How HIT Can Make Care Transitions Safer
In a crowd-sourcing exercise, most participants (58%) agreed that care plans fail to include medical and social factors, fail to coordinate interdisciplinary input (including patient input), do not include processes and milestones, and are not reconciled across time and setting.
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More than 50% said essential care providers often have no input into the transition plan, including the primary care physician, the public health department, family, home health agencies, and pharmaceutical companies.
Among the most promising existing IT solutions, according to the group:
- Interoperable information exchange, including clinician and pharmacy data.
- Consistent implementation of a proven model of communication among patients and providers.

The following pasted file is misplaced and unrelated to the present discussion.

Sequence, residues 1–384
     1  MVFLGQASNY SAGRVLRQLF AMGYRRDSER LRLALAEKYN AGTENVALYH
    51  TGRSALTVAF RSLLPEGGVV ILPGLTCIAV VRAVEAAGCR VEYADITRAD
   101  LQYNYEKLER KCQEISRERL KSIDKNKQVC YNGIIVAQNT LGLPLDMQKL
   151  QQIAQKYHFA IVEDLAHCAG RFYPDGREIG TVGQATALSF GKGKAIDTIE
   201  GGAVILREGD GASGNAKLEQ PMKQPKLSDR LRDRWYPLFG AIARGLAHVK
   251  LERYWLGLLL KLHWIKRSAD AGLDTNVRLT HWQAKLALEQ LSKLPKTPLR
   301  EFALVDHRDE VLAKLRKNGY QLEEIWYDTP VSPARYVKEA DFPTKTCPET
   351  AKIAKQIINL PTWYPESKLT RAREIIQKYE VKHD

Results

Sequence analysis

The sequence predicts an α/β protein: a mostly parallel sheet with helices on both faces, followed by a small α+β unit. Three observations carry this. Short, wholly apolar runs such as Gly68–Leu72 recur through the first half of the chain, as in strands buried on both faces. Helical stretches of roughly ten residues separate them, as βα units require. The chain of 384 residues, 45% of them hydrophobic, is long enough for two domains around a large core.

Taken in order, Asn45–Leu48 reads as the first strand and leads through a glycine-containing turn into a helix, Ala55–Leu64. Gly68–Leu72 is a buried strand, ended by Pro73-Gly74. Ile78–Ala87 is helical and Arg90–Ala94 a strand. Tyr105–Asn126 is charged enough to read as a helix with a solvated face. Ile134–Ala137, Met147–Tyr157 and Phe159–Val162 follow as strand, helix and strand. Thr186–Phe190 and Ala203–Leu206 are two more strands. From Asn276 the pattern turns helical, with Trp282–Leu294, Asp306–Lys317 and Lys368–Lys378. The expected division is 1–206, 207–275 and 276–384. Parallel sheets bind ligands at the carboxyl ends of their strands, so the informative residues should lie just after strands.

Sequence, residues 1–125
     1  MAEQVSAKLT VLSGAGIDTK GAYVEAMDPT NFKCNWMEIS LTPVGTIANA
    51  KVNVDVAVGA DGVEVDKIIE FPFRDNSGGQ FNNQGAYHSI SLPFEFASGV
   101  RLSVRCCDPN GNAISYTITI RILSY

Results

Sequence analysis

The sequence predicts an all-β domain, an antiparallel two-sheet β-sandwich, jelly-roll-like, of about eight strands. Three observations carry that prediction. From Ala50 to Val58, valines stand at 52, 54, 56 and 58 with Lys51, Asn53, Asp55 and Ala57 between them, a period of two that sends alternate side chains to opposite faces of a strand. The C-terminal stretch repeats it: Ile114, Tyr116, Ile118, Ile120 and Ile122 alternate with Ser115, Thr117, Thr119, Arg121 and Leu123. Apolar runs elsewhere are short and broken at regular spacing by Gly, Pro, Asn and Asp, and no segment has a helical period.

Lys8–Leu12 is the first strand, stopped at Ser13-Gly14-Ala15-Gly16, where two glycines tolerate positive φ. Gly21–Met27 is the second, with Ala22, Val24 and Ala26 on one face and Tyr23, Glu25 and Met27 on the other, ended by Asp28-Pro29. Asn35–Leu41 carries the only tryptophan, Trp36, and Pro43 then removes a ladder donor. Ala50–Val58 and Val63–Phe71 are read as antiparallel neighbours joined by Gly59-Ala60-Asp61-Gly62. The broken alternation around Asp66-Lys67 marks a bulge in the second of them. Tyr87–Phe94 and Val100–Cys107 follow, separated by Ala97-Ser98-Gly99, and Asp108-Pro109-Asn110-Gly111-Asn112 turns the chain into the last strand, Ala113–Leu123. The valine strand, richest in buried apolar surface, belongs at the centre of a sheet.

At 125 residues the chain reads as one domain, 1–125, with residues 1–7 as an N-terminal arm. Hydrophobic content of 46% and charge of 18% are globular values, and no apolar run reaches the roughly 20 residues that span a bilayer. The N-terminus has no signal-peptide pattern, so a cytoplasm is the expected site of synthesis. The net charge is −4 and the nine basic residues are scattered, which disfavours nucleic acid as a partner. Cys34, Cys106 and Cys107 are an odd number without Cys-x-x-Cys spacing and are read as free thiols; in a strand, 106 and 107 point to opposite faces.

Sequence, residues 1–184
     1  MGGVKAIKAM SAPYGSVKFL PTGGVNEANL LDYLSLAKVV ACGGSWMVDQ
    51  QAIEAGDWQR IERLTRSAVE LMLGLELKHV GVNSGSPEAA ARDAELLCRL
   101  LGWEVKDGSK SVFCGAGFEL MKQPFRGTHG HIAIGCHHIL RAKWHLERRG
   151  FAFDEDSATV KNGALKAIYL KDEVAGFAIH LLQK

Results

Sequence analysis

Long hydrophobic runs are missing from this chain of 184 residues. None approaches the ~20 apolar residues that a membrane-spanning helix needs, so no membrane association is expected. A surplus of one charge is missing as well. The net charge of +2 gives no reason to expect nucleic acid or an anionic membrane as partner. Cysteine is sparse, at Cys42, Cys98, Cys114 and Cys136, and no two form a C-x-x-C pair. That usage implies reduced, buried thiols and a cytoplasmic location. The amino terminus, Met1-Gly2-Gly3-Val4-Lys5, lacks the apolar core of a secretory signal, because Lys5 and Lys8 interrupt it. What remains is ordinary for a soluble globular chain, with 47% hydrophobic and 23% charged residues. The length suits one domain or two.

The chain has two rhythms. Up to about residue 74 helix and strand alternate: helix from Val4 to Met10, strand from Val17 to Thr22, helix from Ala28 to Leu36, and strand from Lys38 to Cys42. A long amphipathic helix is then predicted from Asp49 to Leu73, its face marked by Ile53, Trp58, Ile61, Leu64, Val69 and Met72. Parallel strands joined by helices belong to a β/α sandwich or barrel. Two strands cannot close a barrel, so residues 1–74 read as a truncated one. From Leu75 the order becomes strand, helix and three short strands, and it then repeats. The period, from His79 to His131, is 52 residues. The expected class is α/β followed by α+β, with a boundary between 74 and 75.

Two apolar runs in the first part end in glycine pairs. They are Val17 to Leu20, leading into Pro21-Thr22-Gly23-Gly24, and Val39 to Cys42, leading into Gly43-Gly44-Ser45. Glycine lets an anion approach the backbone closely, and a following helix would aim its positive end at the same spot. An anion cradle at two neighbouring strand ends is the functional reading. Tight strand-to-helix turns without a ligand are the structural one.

- More effective risk stratification that incorporates both clinical and social factors.
- And the group said future innovations should focus on:
- Feedback loops to identify when patients do not follow discharge instructions--by filling prescriptions or making follow-up appointments, for example.
- Electronic medical records and personal health records that merge medication information, including data from local pharmacies that provide medication therapy management.
Lasting and significant change will require large-scale, systemic change, said George Bo-Linn, MD, chief program officer of the San Francisco Bay Area Program with the Gordon and Betty Moore Foundation. "By expanding the smart use of health information technology during transitions, we are paving the way for smarter, lower-cost health care and new levels of sustainable healthcare quality."
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